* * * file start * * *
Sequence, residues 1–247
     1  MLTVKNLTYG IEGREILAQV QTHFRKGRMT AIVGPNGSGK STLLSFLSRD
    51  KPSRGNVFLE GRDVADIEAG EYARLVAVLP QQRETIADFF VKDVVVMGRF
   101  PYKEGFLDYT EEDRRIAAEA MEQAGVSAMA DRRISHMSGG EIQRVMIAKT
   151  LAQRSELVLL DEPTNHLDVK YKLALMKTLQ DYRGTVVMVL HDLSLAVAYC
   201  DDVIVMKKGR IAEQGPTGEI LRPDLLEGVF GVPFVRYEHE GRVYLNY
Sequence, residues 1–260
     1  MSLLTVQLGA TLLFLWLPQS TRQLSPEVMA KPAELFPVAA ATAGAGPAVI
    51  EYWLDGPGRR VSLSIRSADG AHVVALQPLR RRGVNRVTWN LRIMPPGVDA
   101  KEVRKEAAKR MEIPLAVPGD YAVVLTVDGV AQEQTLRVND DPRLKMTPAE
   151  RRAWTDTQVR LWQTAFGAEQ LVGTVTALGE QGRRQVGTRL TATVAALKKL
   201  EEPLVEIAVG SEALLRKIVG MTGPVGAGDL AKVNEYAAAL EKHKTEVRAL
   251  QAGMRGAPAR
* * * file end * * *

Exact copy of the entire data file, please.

Sequence, residues 1–247
     1  MLTVKNLTYG IEGREILAQV QTHFRKGRMT AIVGPNGSGK STLLSFLSRD
    51  KPSRGNVFLE GRDVADIEAG EYARLVAVLP QQRETIADFF VKDVVVMGRF
   101  PYKEGFLDYT EEDRRIAAEA MEQAGVSAMA DRRISHMSGG EIQRVMIAKT
   151  LAQRSELVLL DEPTNHLDVK YKLALMKTLQ DYRGTVVMVL HDLSLAVAYC
   201  DDVIVMKKGR IAEQGPTGEI LRPDLLEGVF GVPFVRYEHE GRVYLNY
Sequence, residues 1–260
     1  MSLLTVQLGA TLLFLWLPQS TRQLSPEVMA KPAELFPVAA ATAGAGPAVI
    51  EYWLDGPGRR VSLSIRSADG AHVVALQPLR RRGVNRVTWN LRIMPPGVDA
   101  KEVRKEAAKR MEIPLAVPGD YAVVLTVDGV AQEQTLRVND DPRLKMTPAE
   151  RRAWTDTQVR LWQTAFGAEQ LVGTVTALGE QGRRQVGTRL TATVAALKKL
   201  EEPLVEIAVG SEALLRKIVG MTGPVGAGDL AKVNEYAAAL EKHKTEVRAL
   251  QAGMRGAPAR